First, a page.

World Journal of Cardiovascular Diseases
Vol.3 No.4A(2013), Article ID:34174,4 pages DOI:10.4236/wjcd.2013.34A003

Smoking and the risk of acute coronary syndrome in young women treated in an emergency department

Alberto Dominguez-Rodriguez1,2,3*, Eduardo Arroyo-Ucar1, Pedro Abreu-Gonzalez3,4, Guillermo Burillo-Putze2,5

1Department of Cardiology, Hospital Universitario de Canarias, Tenerife, Spain

2Facultad de Ciencias de la Salud, Universidad Europea de Canarias, Tenerife, Spain

3Instituto Universitario de Tecnologías Biomédicas, Tenerife, Spain

4Department of Physiology, Universidad de La Laguna, Tenerife, Spain

5Department of Emergency Medicine, Hospital Universitario de Canarias, Tenerife, Spain

Email: *

Copyright © 2013 Alberto Dominguez-Rodriguez et al. This is an open access article distributed under the Creative Commons Attribution License, which permits unrestricted use, distribution, and reproduction in any medium, provided the original work is properly cited.

Received 15 May 2013; revised 20 June 2013; accepted 28 June 2013

Keywords: Women; Smoke; Acute Coronary Syndrome; Emergency Department; Risk Factors


The aim of this study is to compare the clinical characteristics of young women (<40 years) with older (≥40 years) admitted to the hospital emergency department with the diagnosis of acute coronary syndrome (ACS), and identify which cardiovascular risk factors are predictors to suffer an ACS in the group of young women. We included women consecutively admitted in a tertiary hospital with a diagnosis of ACS. A total of 118 women with a diagnosis of ACS were included. Young women were more likely to smok and had a higher proportion of coronary artery disease of one vessel. The multivariable logistic regression analysis showed that smoking was the only variable associated independently with the presence of ACS in young women (OR: 6.451, 95% CI: 1.479 to 28.571, p = 0.01). The findings of this study indicate that smoking is an independent predictor of ACS in women less than 40 years.


In the western world, cardiovascular disease is the leading cause of death in women. Numerous previous studies have drawn attention to the worst hospital prognosis of women experiencing an acute coronary syndrome (ACS). Epidemiological studies have identified risk factors such as high blood pressure (HT), diabetes mellitus (DM), smoking and physical inactivity as responsible, in large part, for ischemic heart disease in women [1]. However, probably due to the low incidence of ACS in young women, there are any published studies concerning this specific population [2]. The aim of this study is to compare the clinical characteristics of young women (<40 years), compared to with older (≥40 years) admitted to the hospital emergency department with the diagnosis of ACS, and identify which factors are predictors to suffer an ACS in this group of patients.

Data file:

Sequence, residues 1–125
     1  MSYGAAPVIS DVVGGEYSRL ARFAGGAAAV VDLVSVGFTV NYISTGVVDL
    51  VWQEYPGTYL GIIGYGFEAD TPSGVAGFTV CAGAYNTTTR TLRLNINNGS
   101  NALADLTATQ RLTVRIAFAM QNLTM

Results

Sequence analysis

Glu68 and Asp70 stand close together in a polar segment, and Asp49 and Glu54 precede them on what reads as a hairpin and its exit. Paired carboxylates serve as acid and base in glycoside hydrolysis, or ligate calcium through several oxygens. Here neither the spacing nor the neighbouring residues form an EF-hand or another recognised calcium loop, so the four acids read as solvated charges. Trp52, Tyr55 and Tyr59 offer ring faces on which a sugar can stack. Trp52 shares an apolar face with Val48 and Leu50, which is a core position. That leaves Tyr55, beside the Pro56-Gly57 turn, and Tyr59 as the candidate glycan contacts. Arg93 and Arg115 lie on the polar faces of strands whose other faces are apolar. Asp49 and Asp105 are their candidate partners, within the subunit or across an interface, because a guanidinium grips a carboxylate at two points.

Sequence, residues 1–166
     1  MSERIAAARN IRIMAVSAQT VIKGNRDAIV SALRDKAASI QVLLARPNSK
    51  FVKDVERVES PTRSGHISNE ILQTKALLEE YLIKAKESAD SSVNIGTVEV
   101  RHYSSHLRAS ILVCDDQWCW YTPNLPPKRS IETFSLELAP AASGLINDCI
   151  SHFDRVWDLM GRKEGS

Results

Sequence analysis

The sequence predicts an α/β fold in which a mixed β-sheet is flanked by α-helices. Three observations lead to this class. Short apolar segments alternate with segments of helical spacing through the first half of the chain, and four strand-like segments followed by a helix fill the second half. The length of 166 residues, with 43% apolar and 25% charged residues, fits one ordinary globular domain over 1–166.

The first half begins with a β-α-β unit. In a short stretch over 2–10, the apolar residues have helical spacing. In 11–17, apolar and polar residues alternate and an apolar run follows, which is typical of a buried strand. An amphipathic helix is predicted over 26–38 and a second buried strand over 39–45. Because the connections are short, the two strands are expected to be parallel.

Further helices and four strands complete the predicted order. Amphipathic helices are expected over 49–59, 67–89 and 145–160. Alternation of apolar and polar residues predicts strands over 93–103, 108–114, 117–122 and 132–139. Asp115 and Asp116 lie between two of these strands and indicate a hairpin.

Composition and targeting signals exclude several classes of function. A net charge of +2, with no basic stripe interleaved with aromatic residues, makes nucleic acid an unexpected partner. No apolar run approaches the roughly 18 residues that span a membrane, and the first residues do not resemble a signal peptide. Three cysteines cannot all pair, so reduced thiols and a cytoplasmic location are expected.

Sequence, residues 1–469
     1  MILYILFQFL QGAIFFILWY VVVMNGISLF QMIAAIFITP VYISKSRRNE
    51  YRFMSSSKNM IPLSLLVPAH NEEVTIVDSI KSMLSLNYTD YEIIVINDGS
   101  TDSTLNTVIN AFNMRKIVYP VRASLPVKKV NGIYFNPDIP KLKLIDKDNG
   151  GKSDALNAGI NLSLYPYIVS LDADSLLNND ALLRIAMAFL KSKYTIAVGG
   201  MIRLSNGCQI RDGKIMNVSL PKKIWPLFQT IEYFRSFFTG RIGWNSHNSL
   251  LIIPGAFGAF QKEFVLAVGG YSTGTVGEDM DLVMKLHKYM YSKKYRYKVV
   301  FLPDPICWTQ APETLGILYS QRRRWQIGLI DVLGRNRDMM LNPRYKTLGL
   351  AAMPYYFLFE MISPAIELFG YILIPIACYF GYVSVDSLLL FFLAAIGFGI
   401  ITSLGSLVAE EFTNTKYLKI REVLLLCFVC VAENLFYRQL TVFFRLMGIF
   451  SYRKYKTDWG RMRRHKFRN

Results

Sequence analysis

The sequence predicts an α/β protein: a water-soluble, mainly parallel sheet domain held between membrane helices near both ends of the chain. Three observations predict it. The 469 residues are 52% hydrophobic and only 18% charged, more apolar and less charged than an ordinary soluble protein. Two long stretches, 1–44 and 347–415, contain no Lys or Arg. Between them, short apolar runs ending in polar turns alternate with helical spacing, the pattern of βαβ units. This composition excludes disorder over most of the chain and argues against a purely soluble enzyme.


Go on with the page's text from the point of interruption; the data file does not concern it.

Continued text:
2.1. Study Population

Prospective cohort study with hospitalary follow-up, which evaluated all patients attended to the emergency department of a tertiary care hospital with a diagnosis of ACS. The population was divided into two groups, depending on their age: group A that included young women (<40 years), and group B formed by older women (≥40 years). The diagnosis of ACS was established according to the criteria published in the literature [3]. ACS with ST-elevation was defined by the presence of compatible symptoms, persistent (>20 min) ST-segment elevation ≥1 mm in at least 2 contiguous leads or the presence of left bundle branch block presumed to be a new occurrence, and elevated cardiac troponin-I ≥ 0.5 ng/ml (cut-off point ≥ 0.5 ng/ml for the diagnosis of AMI; immunological reagents of the Orthoclinical Diagnostics Vitros 5100 system, United States). ACS without ST-elevation was defined by the presence of compatible symptoms, cardiac troponin-I ≥ 0.5 ng/ml and/or dynamic ST-segment changes (≥1 mm decrease in the ST-segment or non-persistent elevation in at least 2 contiguous leads) [3].

Both groups were analysed cardiovascular risk factors (DM, HT, dyslipidemia, smoking and physical inactivity), time of onset of symptoms, pre-hospital care, hospital arrival form, analytical parameters, hospitalary anti-ischemic treatment and degree of coronary artery disease. Diagnostic coronary angiography was performed using 4 - 7 French Judkins catheters through femoral or radial approaches [4]. The study was approved by the Ethics Committee for Clinical Research of the institution, and all patients gave written informed consent.

2.2. Statistical Analysis

Qualitative variables were assessed using the χ2 test and Fisher’s test, when it was necessary. Quantitative variables were compared using the t-test of Student. A multivariate analysis using binary logistic regression model was performed, being the dependent variable “group” and as independent variables, the ones that were statistically significant in the univariate analysis and those that could have clinical implications and/or could be etiologically possible. All P values were calculated by assuming the bilaterally and were considered significant when their value was less than 0.05. Statistical analysis was performed using SPSS 15.0.